After being told repeatedly that there was nothing she could do to keep her little girls from dying before their teens, Chris, at last, found a glimmer of hope buried in an obscure scientific article.

Chris: This is the Cyclodextrin…

Not even a drug, Cyclodextrin is an organic sugar compound found in butters and salad dressings on grocery shelves across America. And it appeared to have the ability to break down cholesterol, the very thing that was causing Addi and Cassi's systems to malfunction.

Chris: It tastes kind of like Sweet and Low. I did a lot of research in terms of how much could you put in the sippy cup, in terms of ingesting it, so we started doing that. Then the mice data started coming out showing it doesn't look like it's gonna work if they're eating it.

In order to see results, Cyclodextrin had to be injected directly into the bloodstream. Because Cyclodextrin had never been used in this way on humans, the U.S. Food and Drug Administration had to sign off. The Hempels had to file a lengthy application with the FDA. It was a laborious and intimidating bureaucratic hurdle that would stop most people in their tracks.

Hastings: It's almost unheard of that this would be motivated by a parent or a family.

Next, to back up their application, they had to convince a giant pharmaceutical company to give them the scientific data they collected showing that Cyclodextrin was safe.

Chris: It was pretty disheartening really. They just said: "You know look, we don't provide this information and good luck with getting the FDA to approve it." I kinda hit a real brick wall. The response was not what you would expect when you have two  dying children and you're looking for information on a sugar compound.

The tenacious and quick thinking PR exec wouldn't take “no” for an answer.  She decided to go over their heads and directly to their parent company. 

Chris: It seemed logical to me that here we have Addi and Cassi, two beautiful kids, fighting for their lives. I mean Johnson & Johnson cares so much about kids that surely they would help. As soon as they found out about it, they acted immediately.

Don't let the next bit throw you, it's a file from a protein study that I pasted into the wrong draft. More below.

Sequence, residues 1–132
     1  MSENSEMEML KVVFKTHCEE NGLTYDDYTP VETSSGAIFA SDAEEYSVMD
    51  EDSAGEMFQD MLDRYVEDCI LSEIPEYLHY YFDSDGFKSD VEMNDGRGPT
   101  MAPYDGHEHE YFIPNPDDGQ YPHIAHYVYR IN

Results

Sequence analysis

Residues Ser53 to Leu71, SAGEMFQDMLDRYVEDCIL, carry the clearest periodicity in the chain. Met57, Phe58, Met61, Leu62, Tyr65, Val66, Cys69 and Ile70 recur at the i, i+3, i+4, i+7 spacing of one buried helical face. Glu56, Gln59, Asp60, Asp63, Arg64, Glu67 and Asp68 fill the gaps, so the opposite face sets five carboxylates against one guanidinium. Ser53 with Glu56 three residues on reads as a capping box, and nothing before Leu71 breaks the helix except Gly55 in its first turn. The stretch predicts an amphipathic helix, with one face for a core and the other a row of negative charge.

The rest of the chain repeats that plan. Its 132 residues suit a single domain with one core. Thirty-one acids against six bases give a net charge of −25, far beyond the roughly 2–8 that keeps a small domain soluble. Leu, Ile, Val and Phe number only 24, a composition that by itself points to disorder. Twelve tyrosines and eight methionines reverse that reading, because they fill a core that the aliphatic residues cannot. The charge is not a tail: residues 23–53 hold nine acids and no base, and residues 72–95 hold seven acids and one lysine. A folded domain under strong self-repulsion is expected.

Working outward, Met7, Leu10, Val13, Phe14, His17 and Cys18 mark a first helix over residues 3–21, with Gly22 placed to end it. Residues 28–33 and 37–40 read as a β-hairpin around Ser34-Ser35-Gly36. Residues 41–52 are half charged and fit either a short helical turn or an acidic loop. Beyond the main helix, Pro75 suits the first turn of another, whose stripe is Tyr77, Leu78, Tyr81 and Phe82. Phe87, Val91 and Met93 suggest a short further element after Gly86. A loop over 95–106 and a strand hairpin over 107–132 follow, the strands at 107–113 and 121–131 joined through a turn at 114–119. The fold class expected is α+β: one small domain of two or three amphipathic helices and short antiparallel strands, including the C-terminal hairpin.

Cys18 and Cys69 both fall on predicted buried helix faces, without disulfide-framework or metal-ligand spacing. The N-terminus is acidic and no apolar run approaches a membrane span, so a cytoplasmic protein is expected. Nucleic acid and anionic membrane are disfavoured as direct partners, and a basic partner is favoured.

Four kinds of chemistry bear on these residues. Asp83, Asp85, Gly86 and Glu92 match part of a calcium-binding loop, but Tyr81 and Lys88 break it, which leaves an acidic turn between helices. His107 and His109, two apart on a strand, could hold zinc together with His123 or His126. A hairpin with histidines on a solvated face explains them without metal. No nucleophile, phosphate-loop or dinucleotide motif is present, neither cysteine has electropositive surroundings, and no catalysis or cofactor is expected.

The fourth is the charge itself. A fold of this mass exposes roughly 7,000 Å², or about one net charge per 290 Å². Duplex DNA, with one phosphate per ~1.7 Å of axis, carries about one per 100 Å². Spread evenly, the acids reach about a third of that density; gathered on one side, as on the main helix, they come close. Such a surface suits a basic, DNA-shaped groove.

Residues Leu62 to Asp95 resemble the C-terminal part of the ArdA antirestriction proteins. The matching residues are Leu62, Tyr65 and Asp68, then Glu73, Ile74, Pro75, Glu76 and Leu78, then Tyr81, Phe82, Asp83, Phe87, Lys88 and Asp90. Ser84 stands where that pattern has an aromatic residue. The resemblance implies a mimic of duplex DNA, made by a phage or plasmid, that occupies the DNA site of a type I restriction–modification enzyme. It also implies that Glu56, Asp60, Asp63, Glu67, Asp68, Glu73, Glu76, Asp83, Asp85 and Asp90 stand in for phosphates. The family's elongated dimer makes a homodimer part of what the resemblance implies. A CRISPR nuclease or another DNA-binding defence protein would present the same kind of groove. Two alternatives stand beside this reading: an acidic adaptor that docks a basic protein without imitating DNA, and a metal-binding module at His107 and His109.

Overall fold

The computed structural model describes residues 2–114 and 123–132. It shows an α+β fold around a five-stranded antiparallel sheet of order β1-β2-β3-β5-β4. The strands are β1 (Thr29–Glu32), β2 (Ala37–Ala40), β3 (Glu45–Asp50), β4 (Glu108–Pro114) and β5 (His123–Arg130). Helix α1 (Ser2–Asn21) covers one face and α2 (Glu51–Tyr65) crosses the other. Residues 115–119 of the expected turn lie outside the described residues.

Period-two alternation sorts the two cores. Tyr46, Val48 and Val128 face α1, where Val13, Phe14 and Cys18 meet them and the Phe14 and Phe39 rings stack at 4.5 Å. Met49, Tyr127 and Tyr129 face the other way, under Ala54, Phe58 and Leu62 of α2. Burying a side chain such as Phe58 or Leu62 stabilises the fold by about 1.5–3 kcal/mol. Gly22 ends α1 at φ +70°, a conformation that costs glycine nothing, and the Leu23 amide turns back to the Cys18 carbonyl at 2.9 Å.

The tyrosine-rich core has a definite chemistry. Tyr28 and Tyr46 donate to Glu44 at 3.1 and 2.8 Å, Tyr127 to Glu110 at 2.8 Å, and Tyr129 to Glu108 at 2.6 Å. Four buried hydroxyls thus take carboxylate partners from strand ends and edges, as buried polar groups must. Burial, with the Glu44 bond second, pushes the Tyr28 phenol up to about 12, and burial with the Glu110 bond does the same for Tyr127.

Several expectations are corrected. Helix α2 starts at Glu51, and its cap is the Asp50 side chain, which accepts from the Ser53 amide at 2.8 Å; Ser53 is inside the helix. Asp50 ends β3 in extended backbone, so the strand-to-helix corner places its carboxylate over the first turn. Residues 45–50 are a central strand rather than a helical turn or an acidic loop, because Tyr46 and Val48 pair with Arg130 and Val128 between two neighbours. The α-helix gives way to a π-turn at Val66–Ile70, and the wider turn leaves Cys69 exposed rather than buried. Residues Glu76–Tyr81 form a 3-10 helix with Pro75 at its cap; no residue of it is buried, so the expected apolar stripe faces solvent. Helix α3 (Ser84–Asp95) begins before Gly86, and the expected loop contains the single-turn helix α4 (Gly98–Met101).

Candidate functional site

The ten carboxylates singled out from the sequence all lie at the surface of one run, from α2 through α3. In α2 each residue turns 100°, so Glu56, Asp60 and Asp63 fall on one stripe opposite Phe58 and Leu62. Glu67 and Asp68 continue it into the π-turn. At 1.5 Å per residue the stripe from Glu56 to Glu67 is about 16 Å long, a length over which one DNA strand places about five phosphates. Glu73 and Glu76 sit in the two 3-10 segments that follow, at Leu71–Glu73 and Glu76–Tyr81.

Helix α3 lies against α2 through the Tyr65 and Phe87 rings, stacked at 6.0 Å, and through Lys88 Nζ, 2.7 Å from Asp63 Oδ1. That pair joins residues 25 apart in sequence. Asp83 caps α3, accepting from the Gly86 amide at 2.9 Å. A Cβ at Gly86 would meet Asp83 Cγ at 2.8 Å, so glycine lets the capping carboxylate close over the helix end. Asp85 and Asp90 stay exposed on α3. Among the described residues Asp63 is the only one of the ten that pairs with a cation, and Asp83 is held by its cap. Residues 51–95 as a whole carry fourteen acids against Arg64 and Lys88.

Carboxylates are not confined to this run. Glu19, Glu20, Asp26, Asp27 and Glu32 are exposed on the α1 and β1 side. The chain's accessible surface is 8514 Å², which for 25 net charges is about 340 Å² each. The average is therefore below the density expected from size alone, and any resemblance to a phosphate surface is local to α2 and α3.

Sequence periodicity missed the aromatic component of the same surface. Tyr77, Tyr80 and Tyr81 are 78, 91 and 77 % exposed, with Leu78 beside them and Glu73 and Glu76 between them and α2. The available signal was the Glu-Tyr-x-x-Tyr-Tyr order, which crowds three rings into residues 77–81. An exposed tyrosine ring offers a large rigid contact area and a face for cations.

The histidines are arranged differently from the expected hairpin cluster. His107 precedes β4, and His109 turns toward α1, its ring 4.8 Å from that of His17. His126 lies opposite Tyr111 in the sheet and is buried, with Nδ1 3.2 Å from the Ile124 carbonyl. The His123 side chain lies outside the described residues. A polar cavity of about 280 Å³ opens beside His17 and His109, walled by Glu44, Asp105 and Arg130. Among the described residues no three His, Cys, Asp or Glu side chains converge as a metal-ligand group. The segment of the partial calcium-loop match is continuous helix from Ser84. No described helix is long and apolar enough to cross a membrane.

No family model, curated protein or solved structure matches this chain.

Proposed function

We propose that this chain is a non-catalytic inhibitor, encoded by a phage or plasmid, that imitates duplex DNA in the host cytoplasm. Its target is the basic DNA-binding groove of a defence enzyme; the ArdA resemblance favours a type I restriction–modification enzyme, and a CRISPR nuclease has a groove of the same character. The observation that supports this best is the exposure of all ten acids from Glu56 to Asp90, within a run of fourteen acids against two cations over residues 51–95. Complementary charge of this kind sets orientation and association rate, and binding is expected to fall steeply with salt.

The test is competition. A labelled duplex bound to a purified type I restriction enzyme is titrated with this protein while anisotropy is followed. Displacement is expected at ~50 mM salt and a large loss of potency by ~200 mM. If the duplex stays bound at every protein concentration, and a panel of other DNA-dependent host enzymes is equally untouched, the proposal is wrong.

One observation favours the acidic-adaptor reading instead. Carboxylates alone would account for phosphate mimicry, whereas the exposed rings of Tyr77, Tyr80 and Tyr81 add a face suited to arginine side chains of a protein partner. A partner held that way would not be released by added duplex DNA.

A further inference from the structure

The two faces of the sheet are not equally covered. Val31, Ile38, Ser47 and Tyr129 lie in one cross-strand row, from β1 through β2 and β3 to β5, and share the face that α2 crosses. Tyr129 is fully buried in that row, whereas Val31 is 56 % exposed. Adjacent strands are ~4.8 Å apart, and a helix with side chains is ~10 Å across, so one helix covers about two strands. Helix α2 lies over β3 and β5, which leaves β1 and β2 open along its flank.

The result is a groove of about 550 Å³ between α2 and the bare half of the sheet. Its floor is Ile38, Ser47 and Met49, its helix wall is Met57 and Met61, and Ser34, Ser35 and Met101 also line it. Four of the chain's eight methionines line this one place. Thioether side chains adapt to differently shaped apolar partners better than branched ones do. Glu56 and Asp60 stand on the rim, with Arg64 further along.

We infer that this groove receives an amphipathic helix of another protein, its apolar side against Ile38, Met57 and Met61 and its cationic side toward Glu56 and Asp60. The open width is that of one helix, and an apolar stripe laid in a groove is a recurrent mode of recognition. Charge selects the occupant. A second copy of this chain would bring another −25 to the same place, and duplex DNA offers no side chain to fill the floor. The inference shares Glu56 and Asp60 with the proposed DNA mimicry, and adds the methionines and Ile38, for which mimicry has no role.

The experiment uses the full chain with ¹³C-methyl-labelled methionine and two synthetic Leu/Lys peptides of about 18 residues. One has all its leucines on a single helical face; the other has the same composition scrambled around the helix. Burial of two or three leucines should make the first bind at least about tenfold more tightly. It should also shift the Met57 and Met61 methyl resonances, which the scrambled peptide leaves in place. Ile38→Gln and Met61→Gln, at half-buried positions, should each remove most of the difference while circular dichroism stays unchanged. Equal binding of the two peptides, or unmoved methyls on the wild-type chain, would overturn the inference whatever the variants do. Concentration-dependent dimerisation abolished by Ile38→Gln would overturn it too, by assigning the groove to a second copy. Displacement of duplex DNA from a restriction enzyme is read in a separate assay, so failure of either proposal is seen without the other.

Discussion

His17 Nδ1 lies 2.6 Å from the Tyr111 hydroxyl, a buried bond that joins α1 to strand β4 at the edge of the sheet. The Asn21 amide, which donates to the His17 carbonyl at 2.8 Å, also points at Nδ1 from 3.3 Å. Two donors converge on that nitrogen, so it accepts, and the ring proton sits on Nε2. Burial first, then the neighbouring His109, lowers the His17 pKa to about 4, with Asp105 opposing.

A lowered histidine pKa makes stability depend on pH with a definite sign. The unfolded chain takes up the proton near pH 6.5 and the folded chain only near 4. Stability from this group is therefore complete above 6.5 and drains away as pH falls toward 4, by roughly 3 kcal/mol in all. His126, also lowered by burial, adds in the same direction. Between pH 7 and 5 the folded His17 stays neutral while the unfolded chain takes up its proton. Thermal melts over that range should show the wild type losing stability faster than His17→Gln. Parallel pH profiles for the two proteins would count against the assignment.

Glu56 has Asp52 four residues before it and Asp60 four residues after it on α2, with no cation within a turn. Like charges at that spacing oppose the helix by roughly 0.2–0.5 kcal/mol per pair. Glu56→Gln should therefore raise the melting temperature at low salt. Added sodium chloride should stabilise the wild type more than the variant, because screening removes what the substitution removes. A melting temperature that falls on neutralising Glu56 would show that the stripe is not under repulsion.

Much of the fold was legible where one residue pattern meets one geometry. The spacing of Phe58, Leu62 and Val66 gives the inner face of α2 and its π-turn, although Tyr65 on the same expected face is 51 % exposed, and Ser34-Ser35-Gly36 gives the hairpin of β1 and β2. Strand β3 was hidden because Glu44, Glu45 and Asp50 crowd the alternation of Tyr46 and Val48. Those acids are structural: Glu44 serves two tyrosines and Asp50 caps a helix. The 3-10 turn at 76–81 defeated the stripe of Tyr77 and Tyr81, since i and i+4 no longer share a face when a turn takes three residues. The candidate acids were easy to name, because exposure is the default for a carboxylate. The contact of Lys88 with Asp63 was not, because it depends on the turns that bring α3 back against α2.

Chris got the data, but the FDA still needed more.

Hastings: We were gonna have to develop some type of protocol and monitor the safety of giving this drug and also come up with a way that we were actually going to specifically measure if it made some difference.

After six months of back and forth, Chris won her battle.  She got the green light from the FDA to give the girls IV infusions of Cyclodextrin.

On a clear morning in late April, Chris and Hugh prepared their daughters and themselves for a four-day stay at Renown Children's Hospital in downtown Reno. They put on a brave face, but their nerves were palpable. In a few hours, Cyclodextrin was going to flow through an IV drip into Addi and Cassi's veins.

Adam Porath, lead pharmacist: This protocol was different than a typical drug study because for this procedure, we didn't really have a blueprint for what we were supposed to do.

Finally, the two-year quest to find something, anything that could stop the mental and physical decline of Addi and Cassi Hempel begins. Overwhelmed, excited, exhausted, and hopeful, the immensity of this event squeezes out everything else in the room.

Addi and Cassi sit quietly, sharing a bed, staring blankly, as the Cyclodextrin drips into their IV’s. Chris and Hugh Hempel did the impossible—battling the government on behalf of Addi and Cassi—and came out on top.

Now they begin another long wait, to see if their hard won victory pays off in the only way that counts.